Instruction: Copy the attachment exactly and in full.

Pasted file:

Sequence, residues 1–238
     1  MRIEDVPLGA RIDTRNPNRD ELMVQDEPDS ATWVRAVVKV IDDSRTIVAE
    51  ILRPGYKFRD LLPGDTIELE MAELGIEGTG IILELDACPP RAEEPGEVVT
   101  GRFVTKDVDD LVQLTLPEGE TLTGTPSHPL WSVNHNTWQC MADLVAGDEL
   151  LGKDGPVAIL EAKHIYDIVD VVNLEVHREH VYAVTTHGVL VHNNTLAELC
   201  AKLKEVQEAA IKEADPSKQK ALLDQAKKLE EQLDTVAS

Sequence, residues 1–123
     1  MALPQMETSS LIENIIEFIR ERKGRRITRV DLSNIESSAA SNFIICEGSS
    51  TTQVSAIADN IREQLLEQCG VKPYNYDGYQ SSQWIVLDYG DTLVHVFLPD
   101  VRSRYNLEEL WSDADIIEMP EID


Sequence, residues 1–238
     1  MRIEDVPLGA RIDTRNPNRD ELMVQDEPDS ATWVRAVVKV IDDSRTIVAE
    51  ILRPGYKFRD LLPGDTIELE MAELGIEGTG IILELDACPP RAEEPGEVVT
   101  GRFVTKDVDD LVQLTLPEGE TLTGTPSHPL WSVNHNTWQC MADLVAGDEL
   151  LGKDGPVAIL EAKHIYDIVD VVNLEVHREH VYAVTTHGVL VHNNTLAELC
   201  AKLKEVQEAA IKEADPSKQK ALLDQAKKLE EQLDTVAS

Sequence, residues 1–123
     1  MALPQMETSS LIENIIEFIR ERKGRRITRV DLSNIESSAA SNFIICEGSS
    51  TTQVSAIADN IREQLLEQCG VKPYNYDGYQ SSQWIVLDYG DTLVHVFLPD
   101  VRSRYNLEEL WSDADIIEMP EID